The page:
- Norco City Council members in a unanimous 5-0 vote decided to block the construction of a Hindu temple on the grounds of not fitting the city’s ‘western theme and identity’
- City Manager Andy Okoro plans to set up a resolving committee in the light of the recent misunderstandings in the media
- The time for the process cannot be assumed as it highly depends on the recommendations made
Officials of Norco just moved one step closer to lacking a Hindu temple in its 3636 Norconian Drive. One won’t be entirely wrong if he thinks it was a culturally unbelievable step by the Norco city council to deny the leaders of a faith organisation from moving ahead with their plans of bringing in a Hindu temple to the town.
On July 6, 2016, the Norco City Council members unanimously decided to block the construction of the temple on the grounds of reasons such as, the temple doesn’t fit the city’s ‘western theme and identity’.
Adding to that, Councilmen Greg Newton and Ted Hoffman raised concerns about adequate parking, water drainage and the effect on residential vistas before voting against the temple. To a common man, it might all seem like religious discrimination done behind a cloak, reported the Press Enterprise Website.
“We were stunned when they denied us,” Patolia, also a chairman of the faith organisation, said this week. “They had already made up their minds not to allow it.” The supporters of the temple have already spent more than $200,000 on the 4-acre site, which is wedged between two Christian churches. Another reason added to the reject list by the city officials was about the proposed domed structure of the temple that falls beneath the city’s height allowance.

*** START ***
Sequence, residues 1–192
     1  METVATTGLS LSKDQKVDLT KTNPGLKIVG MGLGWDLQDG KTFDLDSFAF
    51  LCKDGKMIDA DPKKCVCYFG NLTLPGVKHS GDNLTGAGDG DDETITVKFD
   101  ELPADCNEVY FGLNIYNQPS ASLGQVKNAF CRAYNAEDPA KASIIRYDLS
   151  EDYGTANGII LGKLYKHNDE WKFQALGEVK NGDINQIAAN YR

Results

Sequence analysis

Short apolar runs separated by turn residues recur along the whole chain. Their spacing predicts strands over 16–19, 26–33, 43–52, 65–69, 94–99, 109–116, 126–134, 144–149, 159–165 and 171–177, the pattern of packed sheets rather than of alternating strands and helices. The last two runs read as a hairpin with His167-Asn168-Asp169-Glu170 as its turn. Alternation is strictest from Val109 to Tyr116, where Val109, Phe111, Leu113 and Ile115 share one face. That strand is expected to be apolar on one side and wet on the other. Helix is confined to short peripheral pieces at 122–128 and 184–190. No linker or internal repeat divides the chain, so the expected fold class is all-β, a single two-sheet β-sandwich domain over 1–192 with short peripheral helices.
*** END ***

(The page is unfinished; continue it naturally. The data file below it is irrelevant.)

Ironically, the steeples of the Christian churches exceed city laws, reaching more than 60 feet into the air. Nevertheless, the developers appealed to reduce the building’s height by more than 10 feet and remove the traditional domed architecture that serves as a reflection of their religious expression.
Light at the end of the tunnel
However, all hope is not lost and a three-year effort is not assumed to go down the drain just yet. On July 20, a Corona resident filed a complaint with the American Civil Liberties Union for similar reasons due to which City Manager Andy Okoro has recommended forming a committee to resolve the above issues.
In his report for August 3, council meeting Okoro stated his reasons for a resolving committee. The Press Enterprise states those reasons –“misunderstanding in the media regarding the reasons why the project was denied” and the “applicant’s willingness to make changes” to the project are the reasons for a second chance.
The Press Enterprise stated that the temple and cultural centre for the Swaminarayan Gurukul faith, a Hindu denomination, would have included a prayer room, covered patio, classrooms, kitchens and a tennis court. There would be Patrons daily yoga, prayers and meditation held in its enclosed area.
The proposed committee will be conducted in the presence of two city council members, two planning commissioners and temple representatives to oversee the architectural details and the temple’s effects on the local streets. The time for the process cannot be assumed as it highly depends on the recommendations made.